Originally posted on July 21, 2014
I recently wrote about the idea of helping your student focus on fewer activities rather than more. And while keeping teens focused on doing a few things well remains good advice, I realized some might think I'm suggesting you tell your children they can't try new things, which was not my intent. Toward that end, let’s talk about the benefits of trying out a new activity, club or sport.
One reason echoes what your parents told you at the dinner table countless times when you or your siblings protested a new dish: You won’t know if you like until you try it. In my last post, I talked about the football player singing in the spring musical. Well, maybe once he performs in front of others, he will discover he loves acting and wants to continue with drama, even if means he chooses to give up his sport later on. There also is the possibility he can do both and this is an opportunity for him to learn how to juggle multiple responsibilities, just like you do.
But what happens when participation is required, not voluntary? She might have signed up for art class, but it was full and now she finds herself in photography. This provides a good opportunity to transform a negative into a positive. While painting canvases and shooting pictures require different skill sets, her artist’s eye will serve her invaluably as she captures the world around her in a much different way than her classmates. And, with the way media are being mixed today, developing skills in both can be an asset down the road.
Like you do in your own life, any time a teen wants to add something to his or her schedule, there is nothing wrong with employing a simple cost-benefit analysis. It doesn’t have to be anything fancy, but you and your child should talk about his or her motivation and what he or she may have to sacrifice in order to participate. Why does she want to take AP Chemistry? If she has good grades in the sciences, has a friend or two in the class who can help her and is considering a career in the field, this sounds like a worthwhile move. Why does he want to join the basketball team? If he enjoys playing casually with friends and wants to get in better shape, this might be a good move for him, too.
When your teen joins or remains with a new activity, club or sport, he or she is making a deliberate choice. There are a myriad of ways to occupy one’s time and narrowing the field to the best ways to spend that time is a valuable tool for daily living after high school. As I quoted Thoreau’s Walden before, it seems fitting to do so again when it comes to the benefits of living a deliberate life.
“I went to the woods because I wished to live deliberately, to front only the essential facts of life, and see if I could not learn what it had to teach, and not, when I came to die, discover that I had not lived.”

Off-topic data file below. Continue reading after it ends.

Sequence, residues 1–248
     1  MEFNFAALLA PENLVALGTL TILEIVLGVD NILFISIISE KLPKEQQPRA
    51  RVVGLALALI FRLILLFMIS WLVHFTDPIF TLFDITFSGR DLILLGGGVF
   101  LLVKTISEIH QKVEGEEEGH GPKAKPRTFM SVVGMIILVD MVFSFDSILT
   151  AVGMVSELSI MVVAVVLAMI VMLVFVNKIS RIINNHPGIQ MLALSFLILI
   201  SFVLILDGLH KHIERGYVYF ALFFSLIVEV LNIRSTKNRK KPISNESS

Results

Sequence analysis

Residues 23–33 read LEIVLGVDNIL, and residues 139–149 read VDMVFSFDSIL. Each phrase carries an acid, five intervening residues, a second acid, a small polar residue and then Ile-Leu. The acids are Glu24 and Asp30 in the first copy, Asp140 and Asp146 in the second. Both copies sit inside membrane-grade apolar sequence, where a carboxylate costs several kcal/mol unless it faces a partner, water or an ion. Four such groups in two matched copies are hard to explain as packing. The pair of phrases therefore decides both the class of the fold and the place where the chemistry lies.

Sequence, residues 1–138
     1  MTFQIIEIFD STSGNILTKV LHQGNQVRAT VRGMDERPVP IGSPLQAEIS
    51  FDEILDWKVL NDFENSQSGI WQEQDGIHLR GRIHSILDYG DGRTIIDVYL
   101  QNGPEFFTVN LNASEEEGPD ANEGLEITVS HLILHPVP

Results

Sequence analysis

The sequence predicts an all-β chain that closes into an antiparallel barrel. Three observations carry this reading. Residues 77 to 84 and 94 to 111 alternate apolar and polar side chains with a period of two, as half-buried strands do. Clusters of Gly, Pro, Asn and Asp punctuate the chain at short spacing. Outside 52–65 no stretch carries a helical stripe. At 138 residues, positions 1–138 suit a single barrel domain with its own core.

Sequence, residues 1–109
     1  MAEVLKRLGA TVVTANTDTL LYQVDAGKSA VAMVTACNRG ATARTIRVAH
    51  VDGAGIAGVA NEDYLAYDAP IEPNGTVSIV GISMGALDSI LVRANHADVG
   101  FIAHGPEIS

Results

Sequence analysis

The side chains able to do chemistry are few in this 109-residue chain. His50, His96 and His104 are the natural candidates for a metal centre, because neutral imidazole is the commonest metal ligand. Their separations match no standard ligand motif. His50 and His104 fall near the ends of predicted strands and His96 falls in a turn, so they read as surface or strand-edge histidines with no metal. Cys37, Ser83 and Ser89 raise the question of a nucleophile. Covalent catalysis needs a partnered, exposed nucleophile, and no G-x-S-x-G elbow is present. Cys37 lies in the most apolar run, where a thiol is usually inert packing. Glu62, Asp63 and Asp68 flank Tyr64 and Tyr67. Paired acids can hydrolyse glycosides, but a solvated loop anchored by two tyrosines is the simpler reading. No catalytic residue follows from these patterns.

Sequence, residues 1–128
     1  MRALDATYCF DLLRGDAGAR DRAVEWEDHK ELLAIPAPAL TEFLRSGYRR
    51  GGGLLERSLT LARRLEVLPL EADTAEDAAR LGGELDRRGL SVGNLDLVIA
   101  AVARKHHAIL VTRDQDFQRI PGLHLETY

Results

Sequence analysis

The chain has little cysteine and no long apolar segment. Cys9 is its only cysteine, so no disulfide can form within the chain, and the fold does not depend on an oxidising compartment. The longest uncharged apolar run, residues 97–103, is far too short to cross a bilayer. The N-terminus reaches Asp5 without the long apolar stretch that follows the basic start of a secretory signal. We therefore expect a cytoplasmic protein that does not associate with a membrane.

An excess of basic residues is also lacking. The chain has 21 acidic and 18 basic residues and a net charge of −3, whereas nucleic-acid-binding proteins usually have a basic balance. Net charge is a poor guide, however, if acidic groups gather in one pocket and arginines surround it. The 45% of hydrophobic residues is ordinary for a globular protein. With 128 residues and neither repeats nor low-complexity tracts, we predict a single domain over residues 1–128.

Who knows what your children will discover about themselves if you let them explore their own “woods” a little bit?
Originally posted on June 10, 2014
While many teachers and parents in America are focused on the rollout of new educational standards, there is an interesting conversation going on across The Pond. Recent news articles out of London have highlighted a debate in the British government about plans to enforce stricter consequences for parents whose children are not in class on time and fail to show respect for teachers and the educational process.
At my school, like many others, we have an assortment of positive and negative incentives to attend class and participate in learning activities. From detentions for tardies to prize giveaways sponsored by local businesses for perfect attendance, we strive to help students understand the importance of being in their seats when class begins. We also honor students throughout the year both as a staff and individually for their efforts to do well in class and help others do the same.
While the problems in the United Kingdom are specific to the country itself, the proposal of holding parents responsible for the actions of their children may launch an interesting discussion on this side of the Atlantic as well. The proverb that “it takes a village to raise a child” naturally comes to mind here. Despite the best efforts of teachers and staff, it is all too easy in a student population of several hundred to several thousand for some students’ poor attendance or behavior to go unchecked. This is why we need to work together to help students be on time and on track. Teachers, counselors and support staff often put in significant effort to helping students succeed, but it is only with the help and assistance of parents and guardians that we will achieve this goal.
Whether or not we need to adopt these specific policies, hopefully this conversation is a reminder we all are responsible for teaching children positive habits and behaviors, whether or not we possess a teaching credential.
I have been a public high school teacher in Southern California since 2005 and writing since junior high. I have an affinity for chocolate, photography, sarcasm and well-written TV shows that refuse to talk down to their audiences.